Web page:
The June jobs report contains encouraging signs that the labor market is healing but also reminders that it remains far from fully healed. Payroll employment jumped by 288,000 in June and the unemployment rate fell to 6.1 percent. While employment increased sharply and unemployment fell, there was little net growth in the labor force, leaving the percentage of people with a job well below where it was at the start of the Great Recession. Nearly a third of the unemployed have been looking for work for 27 weeks or longer and encounter more re-employment obstacles than the typical jobseeker. That’s why Congress should act immediately to restore emergency federal unemployment insurance.
- Where Things Stand for the Unemployed
- Key Things to Know About Unemployment Insurance
- How Many Weeks of Unemployment Compensation Are Available?
- Unemployment Insurance
The number of jobless veterans who’ve lost access to federal jobless benefits since Congress allowed Emergency Unemployment Compensation (EUC) to expire at the end of last year — which we estimated at the end of February was close to 200,000 and counting — will reach an estimated 285,000 by the end of this month.
July 31, 2014
Updated July 30, 2014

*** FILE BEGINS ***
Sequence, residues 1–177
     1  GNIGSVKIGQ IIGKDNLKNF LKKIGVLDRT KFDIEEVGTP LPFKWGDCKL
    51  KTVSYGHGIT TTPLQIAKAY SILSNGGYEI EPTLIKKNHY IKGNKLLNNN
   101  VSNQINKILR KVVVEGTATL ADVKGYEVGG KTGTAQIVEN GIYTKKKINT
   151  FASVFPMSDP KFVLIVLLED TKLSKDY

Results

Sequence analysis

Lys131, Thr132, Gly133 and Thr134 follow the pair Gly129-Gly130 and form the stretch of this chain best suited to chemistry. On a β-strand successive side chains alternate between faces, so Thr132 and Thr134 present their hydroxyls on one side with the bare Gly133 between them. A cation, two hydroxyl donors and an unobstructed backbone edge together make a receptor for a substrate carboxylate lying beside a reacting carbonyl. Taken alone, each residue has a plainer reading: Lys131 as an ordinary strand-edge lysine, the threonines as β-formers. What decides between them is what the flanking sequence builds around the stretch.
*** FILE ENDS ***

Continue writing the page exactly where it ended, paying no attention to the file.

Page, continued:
Updated July 30, 2014
Updated July 18, 2014
Testimony of Jared Bernstein, Senior Fellow, Center on Budget and Policy Priorities, Before the Joint Economic Committee
July 15, 2014
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The federal-state unemployment insurance (UI) system helps people who have lost their jobs by temporarily replacing part of their wages. Created in 1935, UI is a form of social insurance, with contributions being paid into the system on behalf of working people so that they have income support if they lose their jobs. UI also helps sustain consumer demand during economic downturns, by providing a continuing stream of dollars for families to spend.
The UI system includes an extended benefits program, which provides additional weeks of benefits to jobless workers in states where the unemployment situation has worsened dramatically. In addition, during and just after recessions, the federal government has historically provided funding for additional weeks of benefits in all states.